On Oct. 16th, Dr. Paul Slovic visited Oregon State University to share and discuss issues related to risk communication with graduate students enrolled in the TOX 507/607 seminar. This term the seminar is co-lead by the Superfund Research Center’s Research Translation Core and Training Core.
Dr. Slovic, a founder and President of Decision Research, studies human judgment, decision making, and risk analysis. His research and expertise fit nicely with this term’s seminar focus on training students to communicate science and risk effectively to audiences outside of academia.
Some key points came out of the Q and A session with Dr. Slovic.
1) The importance of message framing.
After you publish a scientific paper, focus on how you will frame that information to the public. How can you help your audience conceptualize the bottom line of the research? The facts never speak for themselves, which is why scientists need to “frame” their messages to the public.
All information is conveyed with a frame. Framing in science and risk communication can be viewed as positive or negative depending on who the audience is and what kind of information is
being presented. There is rarely neutral framing. For that reason, it is important to have a clear message thoughtfully framed to invoke a desirable response by your audience.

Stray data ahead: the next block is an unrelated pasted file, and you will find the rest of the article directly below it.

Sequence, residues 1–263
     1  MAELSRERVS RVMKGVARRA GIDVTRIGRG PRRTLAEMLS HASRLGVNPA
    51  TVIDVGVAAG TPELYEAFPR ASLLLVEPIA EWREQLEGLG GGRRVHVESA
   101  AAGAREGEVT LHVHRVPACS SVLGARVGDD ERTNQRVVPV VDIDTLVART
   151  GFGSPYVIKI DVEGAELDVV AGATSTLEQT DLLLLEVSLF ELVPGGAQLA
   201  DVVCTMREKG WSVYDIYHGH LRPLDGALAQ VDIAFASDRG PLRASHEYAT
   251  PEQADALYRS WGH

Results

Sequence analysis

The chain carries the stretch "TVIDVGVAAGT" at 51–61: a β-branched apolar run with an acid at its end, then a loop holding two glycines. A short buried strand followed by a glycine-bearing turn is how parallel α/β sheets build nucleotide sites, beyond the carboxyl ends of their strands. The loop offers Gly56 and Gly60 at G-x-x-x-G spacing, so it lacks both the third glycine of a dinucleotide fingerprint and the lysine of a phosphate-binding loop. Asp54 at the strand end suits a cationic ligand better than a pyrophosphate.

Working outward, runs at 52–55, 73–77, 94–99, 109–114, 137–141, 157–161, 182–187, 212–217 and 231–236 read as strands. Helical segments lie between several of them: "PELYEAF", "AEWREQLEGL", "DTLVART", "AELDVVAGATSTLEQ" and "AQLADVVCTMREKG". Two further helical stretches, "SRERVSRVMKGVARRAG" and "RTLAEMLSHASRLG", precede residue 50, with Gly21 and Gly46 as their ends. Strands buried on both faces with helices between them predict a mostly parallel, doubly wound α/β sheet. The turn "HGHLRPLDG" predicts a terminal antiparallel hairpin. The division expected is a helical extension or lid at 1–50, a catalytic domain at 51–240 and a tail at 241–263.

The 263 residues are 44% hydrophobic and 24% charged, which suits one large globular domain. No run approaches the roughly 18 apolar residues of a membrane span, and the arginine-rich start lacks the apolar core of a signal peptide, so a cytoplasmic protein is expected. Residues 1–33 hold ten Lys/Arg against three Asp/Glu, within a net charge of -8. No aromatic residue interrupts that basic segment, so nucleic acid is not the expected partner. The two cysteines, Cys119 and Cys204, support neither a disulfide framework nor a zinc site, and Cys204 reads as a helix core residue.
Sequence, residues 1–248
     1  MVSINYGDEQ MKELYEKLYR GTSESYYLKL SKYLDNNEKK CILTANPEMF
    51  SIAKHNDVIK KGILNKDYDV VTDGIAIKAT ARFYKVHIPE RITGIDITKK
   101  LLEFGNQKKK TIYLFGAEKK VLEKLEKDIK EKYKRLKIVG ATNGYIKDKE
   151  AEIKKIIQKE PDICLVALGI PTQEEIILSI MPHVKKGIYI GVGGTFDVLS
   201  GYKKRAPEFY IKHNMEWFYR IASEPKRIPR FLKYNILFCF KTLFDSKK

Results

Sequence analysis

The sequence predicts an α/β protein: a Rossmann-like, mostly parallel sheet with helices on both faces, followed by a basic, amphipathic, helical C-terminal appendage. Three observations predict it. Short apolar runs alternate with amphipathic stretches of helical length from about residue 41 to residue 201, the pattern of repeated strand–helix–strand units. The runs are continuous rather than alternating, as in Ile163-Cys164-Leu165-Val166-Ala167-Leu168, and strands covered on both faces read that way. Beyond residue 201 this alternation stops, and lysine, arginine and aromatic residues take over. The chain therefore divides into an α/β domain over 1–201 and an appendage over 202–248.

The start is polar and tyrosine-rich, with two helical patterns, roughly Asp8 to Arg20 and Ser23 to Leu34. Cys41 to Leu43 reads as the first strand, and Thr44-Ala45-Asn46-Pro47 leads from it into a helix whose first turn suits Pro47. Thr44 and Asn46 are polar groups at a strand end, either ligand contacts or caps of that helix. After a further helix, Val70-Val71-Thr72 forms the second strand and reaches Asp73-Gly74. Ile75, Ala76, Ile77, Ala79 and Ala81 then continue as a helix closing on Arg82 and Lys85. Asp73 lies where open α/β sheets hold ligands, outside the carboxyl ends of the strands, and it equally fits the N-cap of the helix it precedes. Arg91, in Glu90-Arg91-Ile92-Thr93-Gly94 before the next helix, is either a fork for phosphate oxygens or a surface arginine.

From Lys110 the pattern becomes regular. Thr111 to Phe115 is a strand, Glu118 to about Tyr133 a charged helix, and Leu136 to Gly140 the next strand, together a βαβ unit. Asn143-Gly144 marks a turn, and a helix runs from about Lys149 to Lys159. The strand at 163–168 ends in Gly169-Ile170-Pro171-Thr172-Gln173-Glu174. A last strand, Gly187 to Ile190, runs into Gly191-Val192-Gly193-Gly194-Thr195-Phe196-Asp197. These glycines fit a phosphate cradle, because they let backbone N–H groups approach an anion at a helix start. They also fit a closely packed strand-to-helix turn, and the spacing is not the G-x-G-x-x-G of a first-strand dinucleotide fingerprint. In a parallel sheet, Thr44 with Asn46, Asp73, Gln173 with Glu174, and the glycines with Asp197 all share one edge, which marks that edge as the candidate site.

Create messages that resonate with your audience.
2) The role of emotions and uncertainty.
Understand that risk perception comes from our gut feelings. How you share information makes a difference, creates an image, and impacts a person’s perception of risk.
Our emotions are often tied to our motivation, positive or negative. Information will lack meaning if it does not invoke emotion.
If something is uncertain, people can interpret it the way that they want. (Example: When scientists began sharing studies that cigarette smoking caused cancer, the tobacco industry wanted to cultivate doubt, so they could keep their profits.). With certain topics, industry and others want to emphasize the unknowns and cast doubt.
When research studies are not definitive, help the public understand the strengths and limitations of that study. Frame the information so it is not biased, focusing on what the science predicts and the implications of that prediction.
Be sure to present the data the best you can if you think people are distorting the data.
3) Visuals make research real and relevant.
Visual images are more powerful than statistics. Visuals help the mind process information. Make your research real and relevant by using visuals that invoke emotion and foster scientific understanding.
Find and share this seminar’s highlights and related articles on Twitter with hashtag #TOX607
- Decision Research: http://www.decisionresearch.org/
- The Risks and Advantages of Framing Science: http://www.sciencemag.org/content/317/5842/1168.2.full
- Gap between science and media revisited: Scientists as public communicators: http://www.pnas.org/content/110/Supplement_3/14102.full
- AAAS Communicating Science: Tools for Scientists and Engineers: http://communicatingscience.aaas.org/
- Translating your Research: An Investigator Communication Workshop: https://www.nwabr.org/sites/default/files/pagefiles/SpeakerTrngManual_NWABR_FINAL.doc
- Mendeley group sharing on the science of science communication: http://www.mendeley.com/groups/3334441/scioscicomm/papers/